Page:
Quirks, Viewers, Commerce are the Real QVC
It’s the butt of jokes, and relegated to the list of channels most TV viewers skip over without ever stopping (unless it’s for a quick eye-roll), but I say there’s more to QVC than cheery hosts, celebs hawking products, blooper fodder for The Soup and comedic inspiration for MadTV. In fact, to my mind, the most fascinating parts of QVC come down to its value as a moneymaking commodity, and its relationship to viewers…and, OK, its quirkiness, which outsiders poke fun at and insiders find charming and endearing.
Founded in 1986, QVC (which stands for Quality, Value, Convenience), broadcasts live 24 hours a day, 364 days a year (every day except Christmas). According to the official website, QVC reaches 96% of American cable homes, and more than 166 million homes worldwide.
Home shopping channels have always been big moneymakers, and QVC claims to be the biggest of them all, beating out competitors like HSN, ShopNBC, and that weird knife channel. In 2008, USA Today reported that QVC “revenue rose 5% in 2007 to $7.4 billion” from 2006, with an “average yearly growth from 2001 through 2006 of 12.3%.” Having long held prime real estate on the TV dial (USA Today reports 80% below channel 35), millions of viewers pass through the QVC lineup every day, which allows them to sell thousands (approximately 1150 unique items per week) of competitively-priced products quickly and widely. The channel claims its record sales day to be December 2, 2001, with over $80 million in orders taken.
Although present in virtually all American homes, most of their sales (95%) come from repeat customers–approximately 1.8 million viewers. Independent research firm BIGresearch counts the average viewer age at 53, and QVC would prefer for it to be lower. By offering new product lines developed by celebrities (Heidi Klum, Ellen Degeneres, Elisabeth Hasselbeck, Whoopi Goldberg, to name a few), famous designers (Bob Mackie, Kathy VanZeeland, Tacori, Isaac Mizrahi, and Project Runway winner Chloe Dao, for example), and well known beauty industry insiders (Bare Escentuals, Philosophy, Laura Geller, Wen, and Ojon, among others), the channel is clearly attempting to develop a younger audience base. And whether young or old, the audience is predominantly female (to the extent that hosts often refer to the home audience as “ladies” and suggest that viewers buy items “for your husband”) and that these women are either stay-at-home or work-from-home moms, housewives, or retirees.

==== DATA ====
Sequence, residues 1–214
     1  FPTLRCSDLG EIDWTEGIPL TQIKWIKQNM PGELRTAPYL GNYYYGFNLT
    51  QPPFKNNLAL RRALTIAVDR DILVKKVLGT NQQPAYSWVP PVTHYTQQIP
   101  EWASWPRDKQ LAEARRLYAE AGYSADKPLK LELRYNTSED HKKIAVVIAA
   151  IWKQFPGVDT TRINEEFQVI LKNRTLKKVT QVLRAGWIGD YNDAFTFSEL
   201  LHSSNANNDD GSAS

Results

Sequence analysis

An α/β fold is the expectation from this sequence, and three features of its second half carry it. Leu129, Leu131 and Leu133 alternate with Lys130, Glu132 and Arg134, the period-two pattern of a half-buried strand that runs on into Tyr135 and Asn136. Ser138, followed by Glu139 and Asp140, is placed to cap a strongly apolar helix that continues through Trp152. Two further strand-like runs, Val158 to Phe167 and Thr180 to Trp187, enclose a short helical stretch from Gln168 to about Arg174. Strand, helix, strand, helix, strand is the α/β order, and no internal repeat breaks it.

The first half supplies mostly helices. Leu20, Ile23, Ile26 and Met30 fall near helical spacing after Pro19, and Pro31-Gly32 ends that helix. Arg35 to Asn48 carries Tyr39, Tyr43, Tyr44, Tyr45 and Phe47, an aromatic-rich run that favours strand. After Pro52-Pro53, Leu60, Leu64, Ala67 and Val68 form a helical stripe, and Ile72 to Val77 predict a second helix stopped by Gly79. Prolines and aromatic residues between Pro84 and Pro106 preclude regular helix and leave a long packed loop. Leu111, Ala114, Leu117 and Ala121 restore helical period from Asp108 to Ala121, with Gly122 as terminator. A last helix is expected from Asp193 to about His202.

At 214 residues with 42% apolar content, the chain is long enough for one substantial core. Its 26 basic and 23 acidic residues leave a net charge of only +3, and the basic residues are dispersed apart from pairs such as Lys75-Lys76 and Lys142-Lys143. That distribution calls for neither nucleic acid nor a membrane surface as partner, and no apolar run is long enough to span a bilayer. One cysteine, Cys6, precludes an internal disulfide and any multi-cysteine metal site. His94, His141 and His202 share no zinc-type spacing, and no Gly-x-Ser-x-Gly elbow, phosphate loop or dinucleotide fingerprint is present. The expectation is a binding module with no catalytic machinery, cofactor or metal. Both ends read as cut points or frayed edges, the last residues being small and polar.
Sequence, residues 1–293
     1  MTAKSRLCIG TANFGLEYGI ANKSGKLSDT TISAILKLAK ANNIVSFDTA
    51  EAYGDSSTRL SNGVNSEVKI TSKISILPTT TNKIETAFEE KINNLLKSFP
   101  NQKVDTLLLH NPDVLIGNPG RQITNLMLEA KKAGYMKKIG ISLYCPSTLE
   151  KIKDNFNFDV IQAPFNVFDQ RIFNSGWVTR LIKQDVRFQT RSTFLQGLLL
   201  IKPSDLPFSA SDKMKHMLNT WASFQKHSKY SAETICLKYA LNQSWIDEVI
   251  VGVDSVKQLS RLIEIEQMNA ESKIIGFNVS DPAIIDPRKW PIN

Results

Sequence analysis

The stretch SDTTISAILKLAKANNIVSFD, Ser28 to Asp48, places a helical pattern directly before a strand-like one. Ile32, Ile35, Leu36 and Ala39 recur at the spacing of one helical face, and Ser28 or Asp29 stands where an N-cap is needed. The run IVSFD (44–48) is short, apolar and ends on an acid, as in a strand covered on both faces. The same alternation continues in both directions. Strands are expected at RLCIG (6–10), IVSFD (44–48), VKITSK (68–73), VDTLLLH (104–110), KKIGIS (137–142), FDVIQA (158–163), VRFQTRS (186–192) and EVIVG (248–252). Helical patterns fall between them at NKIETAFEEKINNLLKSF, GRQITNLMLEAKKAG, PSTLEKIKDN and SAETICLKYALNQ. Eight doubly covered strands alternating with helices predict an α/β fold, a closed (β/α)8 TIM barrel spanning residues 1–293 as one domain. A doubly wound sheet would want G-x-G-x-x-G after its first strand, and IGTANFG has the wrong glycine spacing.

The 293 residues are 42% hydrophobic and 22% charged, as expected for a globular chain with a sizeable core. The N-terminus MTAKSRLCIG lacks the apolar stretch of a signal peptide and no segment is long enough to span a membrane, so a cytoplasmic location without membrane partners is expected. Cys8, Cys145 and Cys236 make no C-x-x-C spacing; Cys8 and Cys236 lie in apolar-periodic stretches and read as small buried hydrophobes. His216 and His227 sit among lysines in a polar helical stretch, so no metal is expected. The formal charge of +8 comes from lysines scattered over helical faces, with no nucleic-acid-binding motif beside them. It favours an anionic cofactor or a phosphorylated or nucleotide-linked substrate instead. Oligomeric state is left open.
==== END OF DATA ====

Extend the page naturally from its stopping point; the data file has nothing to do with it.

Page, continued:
This recognition of the typical QVC viewer (and customer, remember) and also the channel’s liveness lead to a very interesting interaction between hosts and audiences. The format of QVC programming is very collegial, warm and interactive. Hosts use direct address and look directly into cameras (and ostensibly to each viewer, personally). They discuss what home viewers may or may not be doing at a given moment (“Take a break from those chores, because you won’t want to miss a moment of this hour!”). They mention things that are happening live (the recent snowstorms in Pennsylvania hit the QVC headquarters, so they offered live exterior shots of the campus and suggested viewers experiencing the storm “Stay inside and shop with us!”). They take countless phone calls from viewers, who express satisfaction with the featured product or their excitement over ordering it. This friendly and surprisingly intimate set-up leads audience members to express familiarity with the channel and its hosts, saying, “You keep me company all day!” or “I’ve watched you for 20 years!” I’ve even witnessed one caller telling host Leah Williams, “When you talk to me, it’s like my best friend is talking to me.”
And it is, perhaps, this element of QVC viewership that means the most to me, as a fan. That I have gotten to know the hosts, the rhythms of the channel, the regular guests (designers, representatives), and that what I’m watching is being watched at that moment, live, with others around the country. Yes, there are some bizarre items, some amusing bloopers, some ridiculous gimmicks (David Venable’s famous “Yum!” face is at 1:30), and lots of folksy cheer. But it’s the channel’s embrace of these elements that makes it difficult for insiders to mock. There’s certainly more to QVC than meets the eye, and the channel represents a really fascinating segment of television that most scholars simply aren’t watching.